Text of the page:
On the 75th anniversary of World War II’s conclusion, Victor Davis Hanson looks at how the war continues to shape international affairs, and points listeners towards some of the war’s underappreciated figures.

Richard Epstein analyzes a trio of policy mistakes in California: the renewable energy mandates that have led to rolling blackouts, the restrictions on contractors that have Uber and Lyft looking for the exits, and a proposed wealth tax that would hit citizens even if they move out of state.

Richard Epstein analyzes the legality of President Trump’s recent executive orders on COVID relief and explains how executive orders fit into the constitutional order.

Victor Davis Hanson explains the philosophical underpinnings of the Trump Administration’s foreign policy — and explains how it’s affected America’s relationships with China, Iran, Russia, and North Korea.

Richard Epstein considers the complaints lodged against major tech firms at a recent congressional hearing: Everything from anti-competitive practices to allegations that they attempt to censor conservative voices.

Richard Epstein analyses the legal and political propriety of the Trump Administration’s decision to deploy federal forces to Portland, analyzes the factors behind increasing lawlessness in major cities, and puts America’s current struggle with urban unrest in historical context.

Victor Davis Hanson describes how professional athletes and franchise owners have embraced the language of revolution while getting rich off of the status quo.

Victor Davis Hanson proposes a policy agenda — and a strategic posture — for the Trump campaign to take up in the presidential election.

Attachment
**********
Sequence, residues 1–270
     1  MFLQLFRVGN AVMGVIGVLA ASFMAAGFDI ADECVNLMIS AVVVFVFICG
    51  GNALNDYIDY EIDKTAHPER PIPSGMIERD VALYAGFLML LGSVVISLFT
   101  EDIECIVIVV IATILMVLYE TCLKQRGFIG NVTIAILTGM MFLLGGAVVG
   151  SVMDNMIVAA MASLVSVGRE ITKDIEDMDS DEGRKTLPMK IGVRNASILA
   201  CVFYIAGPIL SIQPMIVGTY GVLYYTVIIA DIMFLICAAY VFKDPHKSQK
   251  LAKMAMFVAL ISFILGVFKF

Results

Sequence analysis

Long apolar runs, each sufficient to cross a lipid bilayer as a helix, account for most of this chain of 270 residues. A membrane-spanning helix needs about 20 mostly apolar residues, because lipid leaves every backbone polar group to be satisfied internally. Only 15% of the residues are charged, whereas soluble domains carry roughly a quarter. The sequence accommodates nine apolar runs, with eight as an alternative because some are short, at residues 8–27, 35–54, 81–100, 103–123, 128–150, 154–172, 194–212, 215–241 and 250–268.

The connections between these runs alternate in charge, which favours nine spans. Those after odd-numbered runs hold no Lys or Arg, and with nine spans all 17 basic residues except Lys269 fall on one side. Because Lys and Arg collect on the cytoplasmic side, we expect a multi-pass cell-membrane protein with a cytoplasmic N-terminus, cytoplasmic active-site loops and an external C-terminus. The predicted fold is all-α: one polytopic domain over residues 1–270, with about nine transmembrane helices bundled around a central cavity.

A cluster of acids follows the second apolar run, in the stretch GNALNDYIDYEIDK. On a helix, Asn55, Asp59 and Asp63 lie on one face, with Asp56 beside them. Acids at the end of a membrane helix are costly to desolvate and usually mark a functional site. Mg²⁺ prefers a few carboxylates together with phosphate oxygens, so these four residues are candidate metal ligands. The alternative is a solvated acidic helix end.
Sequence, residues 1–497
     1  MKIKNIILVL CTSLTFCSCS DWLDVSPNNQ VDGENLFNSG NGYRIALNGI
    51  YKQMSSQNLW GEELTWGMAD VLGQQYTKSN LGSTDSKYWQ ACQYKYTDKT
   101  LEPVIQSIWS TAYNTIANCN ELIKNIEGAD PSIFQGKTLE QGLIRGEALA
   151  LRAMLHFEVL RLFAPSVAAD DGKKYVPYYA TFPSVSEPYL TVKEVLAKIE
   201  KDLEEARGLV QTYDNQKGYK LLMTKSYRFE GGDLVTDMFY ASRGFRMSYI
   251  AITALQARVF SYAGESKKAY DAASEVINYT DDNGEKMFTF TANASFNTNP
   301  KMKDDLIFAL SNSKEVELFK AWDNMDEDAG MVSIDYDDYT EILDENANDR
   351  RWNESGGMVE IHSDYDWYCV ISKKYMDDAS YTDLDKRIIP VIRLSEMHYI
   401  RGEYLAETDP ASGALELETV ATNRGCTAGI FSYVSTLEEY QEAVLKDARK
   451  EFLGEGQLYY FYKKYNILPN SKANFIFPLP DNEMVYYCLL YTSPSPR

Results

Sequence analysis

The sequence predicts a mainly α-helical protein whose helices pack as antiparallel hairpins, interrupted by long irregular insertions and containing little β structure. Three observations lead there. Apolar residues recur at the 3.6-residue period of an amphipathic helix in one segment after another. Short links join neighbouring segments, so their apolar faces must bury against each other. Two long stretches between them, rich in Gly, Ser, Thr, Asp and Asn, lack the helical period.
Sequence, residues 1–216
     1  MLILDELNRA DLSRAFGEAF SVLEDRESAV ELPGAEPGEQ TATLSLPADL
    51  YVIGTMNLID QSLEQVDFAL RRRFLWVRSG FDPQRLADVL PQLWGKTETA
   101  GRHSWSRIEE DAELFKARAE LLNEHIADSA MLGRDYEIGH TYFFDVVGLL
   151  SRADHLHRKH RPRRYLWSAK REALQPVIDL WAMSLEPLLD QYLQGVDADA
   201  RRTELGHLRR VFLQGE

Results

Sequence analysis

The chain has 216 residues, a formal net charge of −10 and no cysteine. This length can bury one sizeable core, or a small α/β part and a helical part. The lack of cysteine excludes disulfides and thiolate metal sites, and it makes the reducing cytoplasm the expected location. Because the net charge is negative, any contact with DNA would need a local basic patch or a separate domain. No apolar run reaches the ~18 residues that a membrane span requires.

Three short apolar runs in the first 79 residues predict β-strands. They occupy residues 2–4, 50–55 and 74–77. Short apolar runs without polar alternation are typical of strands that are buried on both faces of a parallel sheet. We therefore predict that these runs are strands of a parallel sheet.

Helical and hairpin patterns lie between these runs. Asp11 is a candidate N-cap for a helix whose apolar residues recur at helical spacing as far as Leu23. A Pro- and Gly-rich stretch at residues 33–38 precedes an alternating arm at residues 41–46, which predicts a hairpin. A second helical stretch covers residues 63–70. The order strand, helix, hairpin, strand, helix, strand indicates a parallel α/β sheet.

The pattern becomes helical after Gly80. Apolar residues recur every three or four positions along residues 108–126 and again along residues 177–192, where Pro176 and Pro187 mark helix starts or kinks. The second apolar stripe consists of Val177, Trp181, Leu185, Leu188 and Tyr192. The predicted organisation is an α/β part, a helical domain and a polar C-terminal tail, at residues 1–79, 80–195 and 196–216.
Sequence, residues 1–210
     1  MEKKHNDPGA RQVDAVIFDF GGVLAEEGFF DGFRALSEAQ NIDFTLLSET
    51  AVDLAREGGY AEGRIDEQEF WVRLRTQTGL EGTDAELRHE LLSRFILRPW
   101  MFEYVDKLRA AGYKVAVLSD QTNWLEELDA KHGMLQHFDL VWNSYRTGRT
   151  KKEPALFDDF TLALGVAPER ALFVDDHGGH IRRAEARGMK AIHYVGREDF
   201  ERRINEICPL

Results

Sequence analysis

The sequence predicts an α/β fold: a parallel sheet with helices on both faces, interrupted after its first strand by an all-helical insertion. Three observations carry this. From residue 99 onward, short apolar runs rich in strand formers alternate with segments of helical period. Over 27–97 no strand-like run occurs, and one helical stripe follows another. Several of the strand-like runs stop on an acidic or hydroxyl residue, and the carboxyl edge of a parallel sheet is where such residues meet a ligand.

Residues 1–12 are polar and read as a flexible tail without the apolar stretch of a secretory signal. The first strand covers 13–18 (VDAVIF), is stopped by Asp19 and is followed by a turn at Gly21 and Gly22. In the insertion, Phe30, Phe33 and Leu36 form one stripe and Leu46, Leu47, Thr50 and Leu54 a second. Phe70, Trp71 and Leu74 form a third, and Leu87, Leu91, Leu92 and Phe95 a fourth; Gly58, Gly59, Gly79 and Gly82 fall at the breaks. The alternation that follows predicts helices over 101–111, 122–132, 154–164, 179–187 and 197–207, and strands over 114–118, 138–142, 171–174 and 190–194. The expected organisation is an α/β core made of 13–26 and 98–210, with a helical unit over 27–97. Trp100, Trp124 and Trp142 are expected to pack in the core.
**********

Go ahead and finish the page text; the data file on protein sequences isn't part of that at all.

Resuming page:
Richard Epstein weighs in on a federal judge’s recent order to temporarily shut down the Dakota Access pipeline; explains how government regulations have crippled the country’s ability to build critical energy infrastructure; and makes the case that dreams of an economy fueled by renewable energy are a delusion.

There’s a full docket in the faculty lounge as Professors Richard Epstein and John Yoo tackle the Roger Stone case and review the Supreme Court term that was: How did John Roberts justify taking both sides of the abortion regulations case within just a few years? Why does the Court get so many religious liberty cases these days — and is Antonin Scalia to blame? Has the pursuit of President Trump’s tax records seen SCOTUS open up a pandora’s box? And did the Court just give a huge chunk of Oklahoma back to Native Americans? All that plus the profs head to the suburbs, and we answer the question “Is it time to start worrying about Justice Gorsuch?” Also, remember to submit your questions for the upcoming Law Talk Q&A in the comments or to troy@ricochet.com

What will bring the wave of radical protests and cancel culture to an end? It would help if the leadership of America’s elite institutions grew a backbone.

Richard Epstein describes why reparations are unworkable, inadvisable, and represent a misdiagnosis of the problems facing African-Americans.